The air war in Vietnam


The core of the incursion force was the attack group (A) formed by 32 McDonnell Douglas F-4E Phantom II, which transported conventional gravity bombs and laser-guided "smart" bombs. This attack group was preceded by the groups "Iron Hand" (E) and "Chaff" (F) and it received close escort from aircraft Phantom prepared for air-to-air combat (B). The "Iron Hand" group led the incursion force, formed in two groups composed of two Phantom armed with air-to-air missiles and two Republic F-105G Wild Weasel, armed with anti-radar missiles to destroy the localization radars of the SAM emplacements. The "Chaff" group was formed by eight A-7 Corsair II that flew 2-3 minutes behind the "Iron Hand", extending along their path a curtain of metallic strips (known as "chaff") that covered the attacking force, masking it against the enemy radars and frustrating so the attacks from the SAM. Loaded with weight, flying in straight line and keeping a precise formation, this group was very vulnerable to enemy attacks. Because of this it required its own escort composed of Phantom aircraft (G). Long-range defense against enemy fighters was carried by errant-flying Phantom formed in patrols against the enemy MiG fighters (C). Finally, at certain distance behind the incursion force, flew two reconnaissance aircraft RF-4C Phantom whose task was to photograph the target after the incursion to provide a reliable testimony of the damages inflicted to the enemy.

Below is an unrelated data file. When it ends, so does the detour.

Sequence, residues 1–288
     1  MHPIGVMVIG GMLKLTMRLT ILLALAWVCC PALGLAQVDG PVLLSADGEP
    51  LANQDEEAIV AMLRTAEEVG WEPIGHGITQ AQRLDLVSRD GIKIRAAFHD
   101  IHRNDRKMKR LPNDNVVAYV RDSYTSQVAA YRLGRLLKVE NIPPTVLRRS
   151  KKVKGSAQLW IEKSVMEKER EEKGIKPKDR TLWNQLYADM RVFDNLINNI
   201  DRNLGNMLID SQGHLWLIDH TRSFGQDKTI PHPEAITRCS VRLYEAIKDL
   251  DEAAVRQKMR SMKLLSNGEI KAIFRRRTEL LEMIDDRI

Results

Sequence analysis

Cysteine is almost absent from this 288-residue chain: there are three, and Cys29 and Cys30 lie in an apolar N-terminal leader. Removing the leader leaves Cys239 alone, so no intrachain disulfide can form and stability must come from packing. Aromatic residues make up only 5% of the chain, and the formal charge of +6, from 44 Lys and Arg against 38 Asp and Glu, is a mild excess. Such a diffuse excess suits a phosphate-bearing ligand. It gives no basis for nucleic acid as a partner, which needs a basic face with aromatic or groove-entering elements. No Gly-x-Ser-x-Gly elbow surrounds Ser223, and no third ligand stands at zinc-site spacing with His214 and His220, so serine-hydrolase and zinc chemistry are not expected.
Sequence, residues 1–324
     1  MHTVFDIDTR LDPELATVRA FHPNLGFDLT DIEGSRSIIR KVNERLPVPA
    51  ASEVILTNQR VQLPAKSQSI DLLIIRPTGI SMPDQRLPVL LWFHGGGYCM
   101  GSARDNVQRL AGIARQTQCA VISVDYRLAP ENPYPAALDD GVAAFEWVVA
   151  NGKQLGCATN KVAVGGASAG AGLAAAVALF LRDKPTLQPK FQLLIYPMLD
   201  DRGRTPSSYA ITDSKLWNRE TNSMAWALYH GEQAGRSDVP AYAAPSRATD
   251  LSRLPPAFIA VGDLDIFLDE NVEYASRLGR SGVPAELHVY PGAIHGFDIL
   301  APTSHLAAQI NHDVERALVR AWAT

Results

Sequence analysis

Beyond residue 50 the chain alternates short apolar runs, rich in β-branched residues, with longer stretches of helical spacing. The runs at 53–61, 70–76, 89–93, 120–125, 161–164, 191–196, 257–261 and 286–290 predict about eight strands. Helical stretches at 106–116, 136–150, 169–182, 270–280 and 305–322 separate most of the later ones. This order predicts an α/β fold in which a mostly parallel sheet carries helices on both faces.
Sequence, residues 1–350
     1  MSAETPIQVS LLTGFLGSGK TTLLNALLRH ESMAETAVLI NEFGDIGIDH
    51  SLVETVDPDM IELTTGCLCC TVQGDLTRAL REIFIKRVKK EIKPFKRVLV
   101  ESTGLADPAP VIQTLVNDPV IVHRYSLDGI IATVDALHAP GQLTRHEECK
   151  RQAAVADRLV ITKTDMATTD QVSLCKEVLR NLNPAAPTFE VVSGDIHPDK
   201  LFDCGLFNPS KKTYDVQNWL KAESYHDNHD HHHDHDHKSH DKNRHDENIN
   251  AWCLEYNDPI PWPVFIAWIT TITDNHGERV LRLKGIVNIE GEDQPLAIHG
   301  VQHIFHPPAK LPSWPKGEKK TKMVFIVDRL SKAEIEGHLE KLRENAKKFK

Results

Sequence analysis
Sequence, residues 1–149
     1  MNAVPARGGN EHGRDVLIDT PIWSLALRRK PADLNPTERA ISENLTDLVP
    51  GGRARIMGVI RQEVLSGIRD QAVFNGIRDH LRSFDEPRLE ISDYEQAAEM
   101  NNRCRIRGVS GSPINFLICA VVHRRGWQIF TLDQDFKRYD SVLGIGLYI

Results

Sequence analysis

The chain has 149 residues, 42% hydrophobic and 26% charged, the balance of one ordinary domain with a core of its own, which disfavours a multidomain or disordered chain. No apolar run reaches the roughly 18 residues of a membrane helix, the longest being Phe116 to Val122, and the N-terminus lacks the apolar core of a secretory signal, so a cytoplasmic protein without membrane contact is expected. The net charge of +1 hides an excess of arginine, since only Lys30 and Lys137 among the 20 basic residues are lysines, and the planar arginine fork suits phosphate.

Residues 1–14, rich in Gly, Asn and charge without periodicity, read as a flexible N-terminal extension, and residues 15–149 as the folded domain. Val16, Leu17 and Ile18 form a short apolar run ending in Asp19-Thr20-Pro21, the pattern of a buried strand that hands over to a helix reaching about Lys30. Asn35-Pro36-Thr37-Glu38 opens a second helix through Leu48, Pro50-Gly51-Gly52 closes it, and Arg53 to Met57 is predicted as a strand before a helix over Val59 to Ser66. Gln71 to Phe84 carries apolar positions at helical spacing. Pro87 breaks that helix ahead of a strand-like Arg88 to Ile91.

The air war in Vietnam


The bridge at Thanh Hoa, for road and railway, located about 70 miles south of Hanoi, was an important junction in the transport network of North Vietnam and it had been signaled as target in April 1964. During the operation "Rolling Thunder", prolonged from the 2nd March 1965 to the 31st October 1968, 700 sorties were effectuated against the bridge (with eight American aircraft downed) and despite of that it remained open to traffic. The 27th April 1972 it was severely damaged by F-4 Phantom aircraft carrying laser-guided "smart" bombs and finally it was disabled during several months after a second incursion of F-4 Phantom armed with "smart" bombs, happened the 13th May 1972, during the campaign "Linebacker I". The "smart" bombs consisted of 746-kilogram or 1119-kilogram bombs with a laser sensor attached to them. In a fairing under the fuselage of the launching aircraft was housed an optical sight and a laser emitter. The artillery officer localized the target by using the optical sight and then directed the laser beam against it. Once launched, the bomb descended guided by the trace of the laser until hitting the "illuminated" target. Since it was required to "illuminate" the target during the entire trajectory of the bomb until hitting the target, the system was very sensitive to the presence of clouds or rain. The illustration shows an F-4E Phantom launching one of these bombs and the artillery officer of one of these aircraft checking the attached sensor in a 746-kilogram bomb.